With the ECB and the Bank of England both considering withdrawing monetary stimulus, it seems that change is comingby George Magnus / July 3, 2017 / Leave a comment
Last week, we got the distinct impression that change is in the air. A number of central banks, including the Bank of England, suggested that years of ultra-easy money may soon be over. In the UK, political and economic evidence of the fragile economy contrived to leave the impression that a shift in economic policy is coming.
Until now, the US Federal Reserve has been the only major central bank to put some blue water between the post-crisis monetary policies, including quantitative easing (QE), and the future. It has raised interest rates 3 times since the end of 2015, and most people think one or two more hikes are on the table this year, possibly with more to come in 2018, depending on what happens to inflation and in the economy.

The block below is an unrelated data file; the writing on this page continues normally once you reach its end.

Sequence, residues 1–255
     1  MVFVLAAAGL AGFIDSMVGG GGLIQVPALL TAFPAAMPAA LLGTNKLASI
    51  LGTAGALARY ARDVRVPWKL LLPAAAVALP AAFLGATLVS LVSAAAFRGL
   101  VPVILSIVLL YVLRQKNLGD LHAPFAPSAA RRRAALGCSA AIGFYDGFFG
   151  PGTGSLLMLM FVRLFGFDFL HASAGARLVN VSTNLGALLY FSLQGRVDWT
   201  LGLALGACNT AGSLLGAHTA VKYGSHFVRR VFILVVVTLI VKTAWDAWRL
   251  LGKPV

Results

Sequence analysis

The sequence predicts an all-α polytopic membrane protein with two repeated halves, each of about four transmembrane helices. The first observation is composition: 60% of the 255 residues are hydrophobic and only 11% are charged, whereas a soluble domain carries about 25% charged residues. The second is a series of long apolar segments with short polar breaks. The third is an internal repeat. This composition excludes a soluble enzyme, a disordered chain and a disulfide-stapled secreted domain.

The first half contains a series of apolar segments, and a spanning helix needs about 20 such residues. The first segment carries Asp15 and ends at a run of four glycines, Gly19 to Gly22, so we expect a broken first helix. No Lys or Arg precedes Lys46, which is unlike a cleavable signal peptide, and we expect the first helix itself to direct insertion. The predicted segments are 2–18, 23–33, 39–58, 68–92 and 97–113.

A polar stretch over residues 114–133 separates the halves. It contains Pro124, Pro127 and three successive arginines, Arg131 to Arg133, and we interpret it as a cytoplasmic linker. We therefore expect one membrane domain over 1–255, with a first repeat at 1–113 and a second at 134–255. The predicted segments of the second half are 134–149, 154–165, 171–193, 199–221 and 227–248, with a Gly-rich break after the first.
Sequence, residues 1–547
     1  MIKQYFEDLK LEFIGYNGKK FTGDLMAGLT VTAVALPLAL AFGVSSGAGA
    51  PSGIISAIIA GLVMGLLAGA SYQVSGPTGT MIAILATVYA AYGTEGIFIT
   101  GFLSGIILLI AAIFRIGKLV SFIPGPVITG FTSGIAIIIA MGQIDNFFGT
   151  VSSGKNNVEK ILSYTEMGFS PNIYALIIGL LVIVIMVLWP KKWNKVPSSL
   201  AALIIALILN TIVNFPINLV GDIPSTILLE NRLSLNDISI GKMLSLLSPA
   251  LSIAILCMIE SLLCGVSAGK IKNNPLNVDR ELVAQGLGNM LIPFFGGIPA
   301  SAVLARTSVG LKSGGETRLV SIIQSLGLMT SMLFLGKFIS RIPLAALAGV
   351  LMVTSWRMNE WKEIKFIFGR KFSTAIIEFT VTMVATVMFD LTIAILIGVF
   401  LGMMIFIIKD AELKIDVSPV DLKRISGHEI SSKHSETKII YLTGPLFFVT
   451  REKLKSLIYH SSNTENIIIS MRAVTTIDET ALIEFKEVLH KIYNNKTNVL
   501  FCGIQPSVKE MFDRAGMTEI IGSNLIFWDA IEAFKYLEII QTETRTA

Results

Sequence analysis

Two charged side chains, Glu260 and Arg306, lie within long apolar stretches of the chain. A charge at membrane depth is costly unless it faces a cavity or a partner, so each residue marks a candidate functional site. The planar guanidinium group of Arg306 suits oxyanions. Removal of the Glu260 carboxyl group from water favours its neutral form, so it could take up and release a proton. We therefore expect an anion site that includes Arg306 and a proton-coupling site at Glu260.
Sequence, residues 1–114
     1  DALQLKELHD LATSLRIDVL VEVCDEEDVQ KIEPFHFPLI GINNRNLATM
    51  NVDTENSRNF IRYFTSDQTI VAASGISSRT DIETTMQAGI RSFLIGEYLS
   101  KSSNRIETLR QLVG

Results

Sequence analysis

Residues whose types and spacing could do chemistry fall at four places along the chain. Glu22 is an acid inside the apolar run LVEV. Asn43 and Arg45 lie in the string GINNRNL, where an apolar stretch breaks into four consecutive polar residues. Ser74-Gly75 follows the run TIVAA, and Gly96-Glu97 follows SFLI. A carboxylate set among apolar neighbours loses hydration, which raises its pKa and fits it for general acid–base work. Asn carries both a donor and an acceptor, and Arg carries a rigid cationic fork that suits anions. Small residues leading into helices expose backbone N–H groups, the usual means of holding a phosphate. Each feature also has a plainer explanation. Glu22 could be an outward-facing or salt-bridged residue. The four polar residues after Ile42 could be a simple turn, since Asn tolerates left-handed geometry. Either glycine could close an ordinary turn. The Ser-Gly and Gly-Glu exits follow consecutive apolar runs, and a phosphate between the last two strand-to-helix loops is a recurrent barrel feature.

Fed Chair, Janet Yellen, and others on the Federal Open Market Committee remind us they are “withdrawing monetary accommodation” rather than tightening as such. Periodically, they refer to some of the negative and unintended consequences of persistently low interest rates, such as bloated levels of asset prices—for example in commercial real estate and high yield bonds—and high levels of consumer and student debt.